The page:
recommended reading

Fraudsters exploit leaked dot-mil addresses

A July leak of 90,000 military email addresses and passwords has helped swindlers commit online fraud, FBI officials said.

The hacktivist group Anonymous on July 11 announced it had obtained, and later posted, the confidential data by cracking a computer system at defense contractor Booz Allen Hamilton.

Now, imposters are using the traditionally trustworthy dot-mil addresses to place sham orders with e-commerce vendors, warned the Internet Crime Complaint Center, an FBI-led public private partnership. Businesses have witnessed an increase in fake dot-mil orders during the past 30 days, according to the center.

"As a result of this posting, merchants have reported some orders containing military email addresses have been identified as fraudulent," stated a center advisory issued Thursday. "Until this time, military email addresses typically meant an order was less likely to be fraudulent."

Simultaneously, the U.K. Metropolitan Police Service's Central e-Crime Unit on Friday announced that on Sept. 1 authorities arrested two men in their 20s believed to be from Anonymous and a similar prankster group called LulzSec for computer offenses committed under the online alias "Kayla."

"The arrests relate to our enquiries into a series of serious computer intrusions and online denial-of-service attacks recently suffered by a number of multinational companies, public institutions and government and law enforcement agencies in Great Britain and the United States," e-crime unit Detective Inspector Mark Raymond said in a statement.

Anonymous, which is known for defacing and taking information from websites it dislikes, seems to have targeted Booz Allen for its role in several government surveillance programs.

A note Anonymous published on a file-sharing website in July ridiculed Booz Allen's data safeguards. Given the firm specializes in defense and national security consulting, "you'd expect them to sail the seven proxseas with a state-of-the-art battleship, right?" it stated. "We infiltrated a server on their network that basically had no security measures in place."

Threatwatch Alert

Thousands of cyber attacks occur each day

See the latest threats

JOIN THE DISCUSSION

Close [ x ] More from Nextgov
 
 

Thank you for subscribing to newsletters from Nextgov.com.
We think these reports might interest you:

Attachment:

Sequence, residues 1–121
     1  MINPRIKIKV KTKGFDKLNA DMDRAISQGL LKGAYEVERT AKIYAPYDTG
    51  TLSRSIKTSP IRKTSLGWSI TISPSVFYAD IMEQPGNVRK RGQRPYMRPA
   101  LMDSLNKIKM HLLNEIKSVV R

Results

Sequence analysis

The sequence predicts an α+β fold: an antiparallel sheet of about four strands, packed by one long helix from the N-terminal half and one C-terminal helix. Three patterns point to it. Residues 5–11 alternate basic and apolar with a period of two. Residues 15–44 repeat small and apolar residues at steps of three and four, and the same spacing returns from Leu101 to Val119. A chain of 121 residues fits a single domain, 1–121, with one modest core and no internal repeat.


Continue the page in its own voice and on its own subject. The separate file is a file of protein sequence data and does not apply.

• Featured Content from RSA Conference: Dissed by NIST

    Learn more about the latest draft of the U.S. National Institute of Standards and Technology guidance document on authentication and lifecycle management.

    Download
  • PIV- I And Multifactor Authentication: The Best Defense for Federal Government Contractors

    This white paper explores NIST SP 800-171 and why compliance is critical to federal government contractors, especially those that work with the Department of Defense, as well as how leveraging PIV-I credentialing with multifactor authentication can be used as a defense against cyberattacks

    Download
  • Toward A More Innovative Government

    This research study aims to understand how state and local leaders regard their agency’s innovation efforts and what they are doing to overcome the challenges they face in successfully implementing these efforts.

    Download
  • From Volume to Value: UK’s NHS Digital Provides U.S. Healthcare Agencies A Roadmap For Value-Based Payment Models

    The U.S. healthcare industry is rapidly moving away from traditional fee-for-service models and towards value-based purchasing that reimburses physicians for quality of care in place of frequency of care.

    Download
  • GBC Flash Poll: Is Your Agency Safe?

    Federal leaders weigh in on the state of information security

    Download
  • Data-Centric Security vs. Database-Level Security

    Database-level encryption had its origins in the 1990s and early 2000s in response to very basic risks which largely revolved around the theft of servers, backup tapes and other physical-layer assets. As noted in Verizon’s 2014, Data Breach Investigations Report (DBIR)1, threats today are far more advanced and dangerous.

    Download

When you download a report, your information may be shared with the underwriters of that document.